Other nearby recreational opportunities include astronomy, fishing, off roading, horseback riding and bouldering.


Mount Pinos, top left, taken from Pine Mountain Club located to the north-northwest.

Mount Pinos is considered to be one of the best viewing sites in Southern California due to its relatively low light pollution, dry air and frequently clear skies contributing to good astronomical seeing. It is one of the favorite gathering places for amateur astronomers in the region.[9] The usual viewing area is not the summit of the mountain, but the large tree-surrounded parking area of Chula Vista Campground[10] at the end of the paved road about two miles east of the peak.

Mount Pinos from Carrizo Plain, with Soda Lake (San Luis Obispo County) in forefront.

See alsoEdit


  1. ^ a b "Mount Pinos". NGS Data Sheet. National Geodetic Survey, National Oceanic and Atmospheric Administration, United States Department of Commerce. Retrieved 2009-06-29.
  2. ^ a b "Mount Pinos, California". Retrieved 2009-06-29.
  3. ^ "Sawmill Mountain". Hundred Peaks Section List. Angeles Chapter, Sierra Club.
  4. ^ Sullivan, Ron (December 7, 2002). "Roots of native names". SFGate. Retrieved 27 March 2018.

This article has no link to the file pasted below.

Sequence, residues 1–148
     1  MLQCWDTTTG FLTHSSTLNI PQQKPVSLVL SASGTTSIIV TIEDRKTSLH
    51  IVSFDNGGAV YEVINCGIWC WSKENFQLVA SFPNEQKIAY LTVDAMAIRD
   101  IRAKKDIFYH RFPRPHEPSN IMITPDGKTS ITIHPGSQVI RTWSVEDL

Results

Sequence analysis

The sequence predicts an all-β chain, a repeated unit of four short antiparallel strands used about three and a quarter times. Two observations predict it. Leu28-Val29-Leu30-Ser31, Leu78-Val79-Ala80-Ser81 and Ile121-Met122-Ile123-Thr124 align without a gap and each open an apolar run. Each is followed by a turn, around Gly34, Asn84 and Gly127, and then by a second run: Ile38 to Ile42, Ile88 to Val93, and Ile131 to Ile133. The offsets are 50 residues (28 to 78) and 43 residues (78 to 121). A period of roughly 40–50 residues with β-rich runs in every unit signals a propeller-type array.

5. ^ Anderson, John M. (1999). Sacred Sites Of the Chumash Indians of California: Commentary from the writings of John M. Anderson.
  6. ^ Bob Garrison (1994). "Watchable Wildlife: Birds of Prey". Outdoor California (September/October 1994 ed.). California Department of Fish and Wildlife. Archived from the original on 2011-02-25. Retrieved 2011-01-08.
  7. ^ "Chumash Object to Short Notice on Mount Pinos Logging Project," The Mountain Enterprise, Frazier Park, California, May 7, 2021, page 2
  8. ^ "Southern California Nordic Ski Patrol". Retrieved 2009-06-29.
  9. ^ "Astronomy Dark Sites". Space Archive. Retrieved 2009-06-29.
  10. ^ "Chula Vista Campground". United States Forest Service. Retrieved 2013-08-15.
  • United States Forest Service interpretive plaque near the summit of Mount Pinos

External linksEdit

  • "Los Padres National Forest contact information". U. S. Forest Service. Retrieved 2009-08-13.
  • "Chumash Wilderness". Retrieved 2009-08-13.